So I did receive the note that you sent at 11:30 a.m., stating that you are still unable to reach a unanimous verdict. And given that, I thought it was appropriate to bring you back in the courtroom. And in a situation like this, I would like to give you some additional instructions that may assist you.
I am mindful of the time of the time you have spent deliberating and of the conscientious attitude that you have applied to your duties in this case. As I’ve previously instructed you, in order to return a verdict on a count, the verdict must be unanimous; that is, each of you must agree with the verdict.
As jurors, you each have a duty to consult with one another and to deliberate with a view to reaching an agreement if an agreement can reached without doing violence to your own individual judgment.
You must each decide the case for yourself, but only after an impartial consideration of the evidence with your fellow juror. You are reminded also that the prosecution bears the burden of proving each element of the offense –of each offense beyond a reasonable doubt.
It is common for jurors to have differences. In the course of deliberations, you should not hesitate to reexamine your own views and change your opinion if you are convinced it is erroneous.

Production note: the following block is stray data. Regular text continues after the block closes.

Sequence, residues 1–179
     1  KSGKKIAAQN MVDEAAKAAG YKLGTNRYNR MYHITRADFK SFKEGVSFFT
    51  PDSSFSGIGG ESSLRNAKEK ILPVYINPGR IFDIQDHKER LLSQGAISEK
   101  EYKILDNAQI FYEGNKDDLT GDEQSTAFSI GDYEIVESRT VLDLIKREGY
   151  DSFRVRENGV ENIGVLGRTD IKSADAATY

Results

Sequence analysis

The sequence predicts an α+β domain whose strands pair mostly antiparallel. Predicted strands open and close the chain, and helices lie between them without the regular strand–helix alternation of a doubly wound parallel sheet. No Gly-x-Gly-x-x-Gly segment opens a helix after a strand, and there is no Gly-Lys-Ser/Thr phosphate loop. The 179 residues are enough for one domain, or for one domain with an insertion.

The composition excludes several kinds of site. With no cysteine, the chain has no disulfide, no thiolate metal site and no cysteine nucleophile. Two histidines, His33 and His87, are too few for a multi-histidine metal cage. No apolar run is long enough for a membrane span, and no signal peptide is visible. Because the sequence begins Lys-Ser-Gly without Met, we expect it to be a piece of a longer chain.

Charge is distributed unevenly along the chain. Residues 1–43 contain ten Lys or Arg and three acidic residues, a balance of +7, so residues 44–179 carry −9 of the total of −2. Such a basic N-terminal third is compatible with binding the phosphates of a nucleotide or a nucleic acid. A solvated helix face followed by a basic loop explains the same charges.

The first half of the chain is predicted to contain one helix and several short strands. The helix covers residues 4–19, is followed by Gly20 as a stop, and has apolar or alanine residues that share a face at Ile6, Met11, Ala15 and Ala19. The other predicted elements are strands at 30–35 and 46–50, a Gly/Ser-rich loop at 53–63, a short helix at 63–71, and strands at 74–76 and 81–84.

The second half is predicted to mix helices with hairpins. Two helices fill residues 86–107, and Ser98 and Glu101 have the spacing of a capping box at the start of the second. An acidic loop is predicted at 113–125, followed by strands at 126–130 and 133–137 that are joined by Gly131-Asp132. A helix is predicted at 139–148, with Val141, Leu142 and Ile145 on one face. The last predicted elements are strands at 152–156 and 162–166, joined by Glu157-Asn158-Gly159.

Therefore, if at this point any of you find yourself in the majority, you should listen carefully to the views of the minority and re-examine your own views if warranted. Likewise, if at this point any of you find yourself in the minority, you should listen carefully to the views of the majority and re-examine your owns views if warranted.
Further consideration may convince you that a change in position is justified upon the law and the evidence. But do not surrender your honest conviction as to the weight or effect of the evidence solely because of the opinion of your fellow jurors or for the mere purpose of returning a verdict. A verdict must represent your own considered judgment.